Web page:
0307 - Membrane potential and action potential - EG Flashcards Preview

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Flashcards in 0307 - Membrane potential and action potential - EG Deck (12):

What is a membrane potential?

A potential difference of charge across a membrane. Maintained by Na+/K+ ATPase.This potential difference is measured in Volts, V.Resting Membrane Potential (RMP) is also known as Vm


What is an action potential (AP)?

The ability of a voltage-gated ion channel to depolarise and repolarise.


What is conductance, G of an ion?

The measure of ease with which an ion can cross a unit are of 1cm^2 of membrane.Given by the equation:G(ion) = Po.n.gammawhere: Po = the probability that channel is open (i.e. a Po of 1 means that the channels are open all of the time.n = the number of channelsgamma = the number of ions per sec that a channel can conduct.


What is the Nernst potential?

The net effect of an ion wanting to move down its chemical gradient as well as its electrical gradient resulting in an equilibrium between the two forces as an electro-chemical gradient.


What is the Nernst Equation?

A calculation of the Equilibrium potential, Ex, for the potential difference that would arise if the membrane was leaky to just one ion.


What is the Goldman Equation?

A calculation for what the resting membrane potential should be.Takes into account the relative conductance of the membrane of all ions as well as the electrochemical forces on each ion.


Why is Na+ important in creating an action potential?

The opening of voltage-gated Na+ channels results in Na+ influx that leads to depolarisation of the membrane (i.e. RMP becomes more positive)


What is the "Hodgkin-Huxley Cycle"?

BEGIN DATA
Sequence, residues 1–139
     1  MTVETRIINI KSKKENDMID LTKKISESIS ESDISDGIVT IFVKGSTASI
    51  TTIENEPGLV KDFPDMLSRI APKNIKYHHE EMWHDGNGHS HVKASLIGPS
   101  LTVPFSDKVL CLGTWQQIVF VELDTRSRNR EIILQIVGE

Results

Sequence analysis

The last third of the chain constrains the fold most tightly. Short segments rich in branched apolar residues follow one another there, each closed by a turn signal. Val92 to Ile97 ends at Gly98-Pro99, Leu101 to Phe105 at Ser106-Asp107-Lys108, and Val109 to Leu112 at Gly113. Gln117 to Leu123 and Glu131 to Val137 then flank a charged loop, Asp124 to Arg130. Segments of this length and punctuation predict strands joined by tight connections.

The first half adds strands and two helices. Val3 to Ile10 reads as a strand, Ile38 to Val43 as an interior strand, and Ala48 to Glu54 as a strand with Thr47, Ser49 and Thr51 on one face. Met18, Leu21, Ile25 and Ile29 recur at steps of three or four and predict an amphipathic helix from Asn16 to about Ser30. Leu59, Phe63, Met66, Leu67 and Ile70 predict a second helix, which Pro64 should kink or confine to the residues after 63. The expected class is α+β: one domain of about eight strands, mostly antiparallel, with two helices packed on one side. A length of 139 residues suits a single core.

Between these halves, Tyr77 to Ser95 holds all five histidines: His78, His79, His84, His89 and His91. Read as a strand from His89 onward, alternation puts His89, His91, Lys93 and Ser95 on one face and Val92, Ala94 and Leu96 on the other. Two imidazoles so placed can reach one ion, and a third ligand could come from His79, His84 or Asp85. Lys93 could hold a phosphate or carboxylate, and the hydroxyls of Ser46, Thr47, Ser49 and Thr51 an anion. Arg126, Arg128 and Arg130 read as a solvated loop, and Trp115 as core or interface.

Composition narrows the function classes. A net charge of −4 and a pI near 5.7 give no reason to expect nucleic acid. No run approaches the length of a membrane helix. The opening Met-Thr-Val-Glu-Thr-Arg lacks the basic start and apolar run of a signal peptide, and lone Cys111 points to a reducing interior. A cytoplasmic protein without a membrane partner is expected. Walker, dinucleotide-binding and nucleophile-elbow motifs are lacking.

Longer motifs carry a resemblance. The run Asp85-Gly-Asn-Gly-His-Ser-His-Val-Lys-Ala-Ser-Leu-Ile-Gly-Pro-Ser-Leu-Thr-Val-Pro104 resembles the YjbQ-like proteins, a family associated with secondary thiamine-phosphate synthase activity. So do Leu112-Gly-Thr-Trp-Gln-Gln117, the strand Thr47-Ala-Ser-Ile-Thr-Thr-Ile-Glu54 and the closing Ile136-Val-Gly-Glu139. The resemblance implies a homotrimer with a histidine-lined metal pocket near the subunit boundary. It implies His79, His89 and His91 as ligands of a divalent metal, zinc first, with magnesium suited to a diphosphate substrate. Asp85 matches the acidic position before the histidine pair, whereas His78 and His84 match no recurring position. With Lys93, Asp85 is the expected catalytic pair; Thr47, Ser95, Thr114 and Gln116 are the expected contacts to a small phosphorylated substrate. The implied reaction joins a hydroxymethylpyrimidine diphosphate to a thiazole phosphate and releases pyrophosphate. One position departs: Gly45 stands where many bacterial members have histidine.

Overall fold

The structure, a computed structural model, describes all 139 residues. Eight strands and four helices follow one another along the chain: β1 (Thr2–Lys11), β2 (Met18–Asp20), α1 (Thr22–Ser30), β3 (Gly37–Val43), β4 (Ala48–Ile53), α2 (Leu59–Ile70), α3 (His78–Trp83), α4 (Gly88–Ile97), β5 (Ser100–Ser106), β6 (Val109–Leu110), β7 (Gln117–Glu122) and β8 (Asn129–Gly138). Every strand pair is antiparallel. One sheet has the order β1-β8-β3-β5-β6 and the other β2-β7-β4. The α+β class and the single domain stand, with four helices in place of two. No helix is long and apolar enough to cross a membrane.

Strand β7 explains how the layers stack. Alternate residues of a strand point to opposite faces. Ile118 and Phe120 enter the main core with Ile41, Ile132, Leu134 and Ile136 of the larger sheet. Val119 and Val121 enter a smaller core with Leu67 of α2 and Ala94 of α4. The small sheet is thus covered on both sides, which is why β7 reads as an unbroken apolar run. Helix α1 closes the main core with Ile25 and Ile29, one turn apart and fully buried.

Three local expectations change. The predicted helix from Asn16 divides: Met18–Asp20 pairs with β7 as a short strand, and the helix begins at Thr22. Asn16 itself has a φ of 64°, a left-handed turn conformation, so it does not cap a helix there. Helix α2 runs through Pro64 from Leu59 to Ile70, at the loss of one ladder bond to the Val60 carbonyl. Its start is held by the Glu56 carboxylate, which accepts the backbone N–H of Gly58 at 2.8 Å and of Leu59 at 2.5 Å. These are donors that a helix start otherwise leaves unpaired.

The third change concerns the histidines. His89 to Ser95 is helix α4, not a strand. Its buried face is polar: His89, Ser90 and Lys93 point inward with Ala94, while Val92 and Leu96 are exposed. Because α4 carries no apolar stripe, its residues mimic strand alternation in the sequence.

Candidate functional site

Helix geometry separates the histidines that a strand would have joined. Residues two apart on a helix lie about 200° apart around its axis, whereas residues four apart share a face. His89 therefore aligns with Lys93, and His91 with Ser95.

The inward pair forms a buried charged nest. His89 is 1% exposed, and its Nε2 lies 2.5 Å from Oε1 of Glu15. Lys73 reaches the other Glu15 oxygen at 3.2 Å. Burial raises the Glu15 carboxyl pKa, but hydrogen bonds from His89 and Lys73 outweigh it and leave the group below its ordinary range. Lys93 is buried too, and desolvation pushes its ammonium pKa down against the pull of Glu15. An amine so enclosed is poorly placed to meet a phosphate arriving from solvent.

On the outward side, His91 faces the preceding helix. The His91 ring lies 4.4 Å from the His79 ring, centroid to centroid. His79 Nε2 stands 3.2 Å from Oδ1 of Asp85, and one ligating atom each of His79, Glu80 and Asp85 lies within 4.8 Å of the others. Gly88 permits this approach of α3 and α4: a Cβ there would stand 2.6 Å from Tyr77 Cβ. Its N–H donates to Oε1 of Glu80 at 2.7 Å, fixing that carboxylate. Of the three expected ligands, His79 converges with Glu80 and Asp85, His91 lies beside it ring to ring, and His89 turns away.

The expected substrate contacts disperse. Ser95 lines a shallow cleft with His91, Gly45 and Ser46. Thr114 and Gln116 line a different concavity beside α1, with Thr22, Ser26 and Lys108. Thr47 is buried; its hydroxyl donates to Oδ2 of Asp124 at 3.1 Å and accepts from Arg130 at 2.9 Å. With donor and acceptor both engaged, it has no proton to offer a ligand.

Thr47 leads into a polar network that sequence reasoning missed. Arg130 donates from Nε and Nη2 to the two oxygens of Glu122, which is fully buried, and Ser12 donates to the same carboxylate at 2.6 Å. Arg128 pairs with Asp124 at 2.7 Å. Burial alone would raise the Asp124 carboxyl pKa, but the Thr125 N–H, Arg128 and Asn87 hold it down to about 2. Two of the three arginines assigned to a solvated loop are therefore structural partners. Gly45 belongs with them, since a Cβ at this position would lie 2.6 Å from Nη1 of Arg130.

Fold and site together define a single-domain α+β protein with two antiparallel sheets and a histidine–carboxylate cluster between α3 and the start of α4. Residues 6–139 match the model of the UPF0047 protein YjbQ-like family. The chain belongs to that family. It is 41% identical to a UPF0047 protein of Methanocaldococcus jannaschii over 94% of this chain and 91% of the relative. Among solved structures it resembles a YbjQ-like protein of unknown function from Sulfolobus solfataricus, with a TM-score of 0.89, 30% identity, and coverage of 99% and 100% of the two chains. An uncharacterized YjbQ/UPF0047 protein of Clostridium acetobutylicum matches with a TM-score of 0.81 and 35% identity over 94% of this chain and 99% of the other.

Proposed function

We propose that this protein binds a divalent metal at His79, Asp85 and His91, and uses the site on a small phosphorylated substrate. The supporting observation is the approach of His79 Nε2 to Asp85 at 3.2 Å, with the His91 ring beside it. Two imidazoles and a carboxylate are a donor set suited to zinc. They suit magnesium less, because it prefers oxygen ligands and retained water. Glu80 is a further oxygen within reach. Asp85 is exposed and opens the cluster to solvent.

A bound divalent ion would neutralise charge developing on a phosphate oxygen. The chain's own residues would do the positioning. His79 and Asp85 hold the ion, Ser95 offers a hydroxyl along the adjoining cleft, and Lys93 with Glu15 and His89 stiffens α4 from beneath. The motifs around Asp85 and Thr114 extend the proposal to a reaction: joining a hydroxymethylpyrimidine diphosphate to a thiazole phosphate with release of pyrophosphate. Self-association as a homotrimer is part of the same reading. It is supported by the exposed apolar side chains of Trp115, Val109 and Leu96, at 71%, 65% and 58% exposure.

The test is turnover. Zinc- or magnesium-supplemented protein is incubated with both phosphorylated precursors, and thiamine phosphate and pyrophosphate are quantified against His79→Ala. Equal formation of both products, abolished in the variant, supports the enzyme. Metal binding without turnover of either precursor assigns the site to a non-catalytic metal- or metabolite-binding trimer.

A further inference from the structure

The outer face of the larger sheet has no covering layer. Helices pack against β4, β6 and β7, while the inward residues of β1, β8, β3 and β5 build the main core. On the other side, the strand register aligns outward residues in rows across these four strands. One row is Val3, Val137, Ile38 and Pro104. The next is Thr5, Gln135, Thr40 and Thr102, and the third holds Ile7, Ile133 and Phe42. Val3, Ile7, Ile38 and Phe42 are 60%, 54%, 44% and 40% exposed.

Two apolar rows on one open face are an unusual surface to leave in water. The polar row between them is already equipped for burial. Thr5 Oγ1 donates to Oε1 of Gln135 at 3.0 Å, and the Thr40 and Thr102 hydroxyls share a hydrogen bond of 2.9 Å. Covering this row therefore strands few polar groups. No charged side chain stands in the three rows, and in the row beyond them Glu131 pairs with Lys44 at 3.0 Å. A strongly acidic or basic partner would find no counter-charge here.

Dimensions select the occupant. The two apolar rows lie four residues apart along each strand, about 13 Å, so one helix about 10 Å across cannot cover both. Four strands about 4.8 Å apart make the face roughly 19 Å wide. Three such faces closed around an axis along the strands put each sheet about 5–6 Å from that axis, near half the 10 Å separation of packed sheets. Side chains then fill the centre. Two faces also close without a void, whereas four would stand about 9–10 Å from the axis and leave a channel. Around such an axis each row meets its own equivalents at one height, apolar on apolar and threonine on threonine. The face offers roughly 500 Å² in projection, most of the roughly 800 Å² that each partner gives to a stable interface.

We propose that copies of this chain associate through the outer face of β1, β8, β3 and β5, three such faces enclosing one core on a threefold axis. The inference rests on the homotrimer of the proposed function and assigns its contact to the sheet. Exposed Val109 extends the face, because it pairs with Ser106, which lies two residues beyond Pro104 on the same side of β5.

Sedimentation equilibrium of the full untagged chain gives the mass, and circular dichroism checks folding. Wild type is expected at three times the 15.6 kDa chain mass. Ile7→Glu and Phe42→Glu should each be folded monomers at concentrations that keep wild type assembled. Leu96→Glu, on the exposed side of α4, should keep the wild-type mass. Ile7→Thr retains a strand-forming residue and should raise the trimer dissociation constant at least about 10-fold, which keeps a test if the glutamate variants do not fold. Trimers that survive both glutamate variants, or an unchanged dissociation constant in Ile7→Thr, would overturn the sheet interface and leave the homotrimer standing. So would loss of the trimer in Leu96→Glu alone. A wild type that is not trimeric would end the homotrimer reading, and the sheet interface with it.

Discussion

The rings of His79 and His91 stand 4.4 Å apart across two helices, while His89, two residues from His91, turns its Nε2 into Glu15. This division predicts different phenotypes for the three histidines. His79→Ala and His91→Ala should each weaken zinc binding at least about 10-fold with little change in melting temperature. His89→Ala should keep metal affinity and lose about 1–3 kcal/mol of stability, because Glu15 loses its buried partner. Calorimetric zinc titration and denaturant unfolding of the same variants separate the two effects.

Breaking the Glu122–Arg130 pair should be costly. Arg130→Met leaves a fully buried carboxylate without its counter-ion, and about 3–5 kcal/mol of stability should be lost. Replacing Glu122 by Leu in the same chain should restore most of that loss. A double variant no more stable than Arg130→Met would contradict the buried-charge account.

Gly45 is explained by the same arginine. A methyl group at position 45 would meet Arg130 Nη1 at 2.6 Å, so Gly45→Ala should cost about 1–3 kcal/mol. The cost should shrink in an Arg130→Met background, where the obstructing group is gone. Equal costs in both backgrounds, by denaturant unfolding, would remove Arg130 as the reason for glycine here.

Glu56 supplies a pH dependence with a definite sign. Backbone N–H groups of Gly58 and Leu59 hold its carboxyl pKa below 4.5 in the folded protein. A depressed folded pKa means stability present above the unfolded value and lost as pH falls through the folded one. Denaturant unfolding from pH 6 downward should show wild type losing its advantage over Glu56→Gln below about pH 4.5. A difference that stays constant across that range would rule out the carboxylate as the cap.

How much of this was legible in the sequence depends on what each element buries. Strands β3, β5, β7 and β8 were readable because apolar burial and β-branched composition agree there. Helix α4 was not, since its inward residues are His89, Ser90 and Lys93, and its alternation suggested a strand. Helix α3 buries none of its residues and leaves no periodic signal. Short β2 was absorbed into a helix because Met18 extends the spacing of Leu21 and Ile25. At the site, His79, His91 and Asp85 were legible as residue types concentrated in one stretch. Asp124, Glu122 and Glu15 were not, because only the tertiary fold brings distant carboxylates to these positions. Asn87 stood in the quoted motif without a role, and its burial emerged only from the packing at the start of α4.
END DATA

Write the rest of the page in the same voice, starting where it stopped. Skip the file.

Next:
The explosive upstroke of action potential and is associated with an increase in G(Na). (the increased conductance of Na+ into the cell)


Why are K+ channels central for repolarisation?

K+ channels are slower to open than Na+ channels, but are longer lasting. They lead to an efflux of K+ out of the cell resulting in repolarisation (downstroke) of the AP.


Define and state the mechanism behind absolute refractory period?

Absolute refractory period is the period when a second AP cannot be initiated. Due to the closed voltage-gated Na+ channels that must be "reset" by repolarisation.


Define and state the mechanism behind relative refractory period?

Relative refractory period is the period where a second AP requires a stronger than normal impulse to be initiated. It is due to the leaky K+ channels that keep the membrane hyperpolarised.


Why do different ion channels influence the shape of the action potential?

The channel properties and Nernst potential for each ion influences the AP shape. For example, cardiomyocytes also have Ca2+ channels, that affect the shape of the AP.

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